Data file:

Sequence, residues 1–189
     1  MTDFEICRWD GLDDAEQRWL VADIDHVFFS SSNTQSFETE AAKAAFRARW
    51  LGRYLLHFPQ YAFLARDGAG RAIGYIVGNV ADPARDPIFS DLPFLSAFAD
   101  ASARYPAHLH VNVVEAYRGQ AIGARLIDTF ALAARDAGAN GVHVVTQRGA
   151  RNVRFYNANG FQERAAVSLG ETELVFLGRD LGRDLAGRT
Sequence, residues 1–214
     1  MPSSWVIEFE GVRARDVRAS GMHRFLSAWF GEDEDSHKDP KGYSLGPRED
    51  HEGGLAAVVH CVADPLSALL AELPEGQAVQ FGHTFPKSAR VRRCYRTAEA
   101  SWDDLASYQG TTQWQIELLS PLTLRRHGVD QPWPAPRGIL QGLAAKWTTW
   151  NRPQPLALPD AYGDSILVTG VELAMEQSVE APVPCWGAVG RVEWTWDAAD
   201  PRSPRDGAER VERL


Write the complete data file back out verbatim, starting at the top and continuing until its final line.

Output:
Sequence, residues 1–189
     1  MTDFEICRWD GLDDAEQRWL VADIDHVFFS SSNTQSFETE AAKAAFRARW
    51  LGRYLLHFPQ YAFLARDGAG RAIGYIVGNV ADPARDPIFS DLPFLSAFAD
   101  ASARYPAHLH VNVVEAYRGQ AIGARLIDTF ALAARDAGAN GVHVVTQRGA
   151  RNVRFYNANG FQERAAVSLG ETELVFLGRD LGRDLAGRT
Sequence, residues 1–214
     1  MPSSWVIEFE GVRARDVRAS GMHRFLSAWF GEDEDSHKDP KGYSLGPRED
    51  HEGGLAAVVH CVADPLSALL AELPEGQAVQ FGHTFPKSAR VRRCYRTAEA
   101  SWDDLASYQG TTQWQIELLS PLTLRRHGVD QPWPAPRGIL QGLAAKWTTW
   151  NRPQPLALPD AYGDSILVTG VELAMEQSVE APVPCWGAVG RVEWTWDAAD
   201  PRSPRDGAER VERL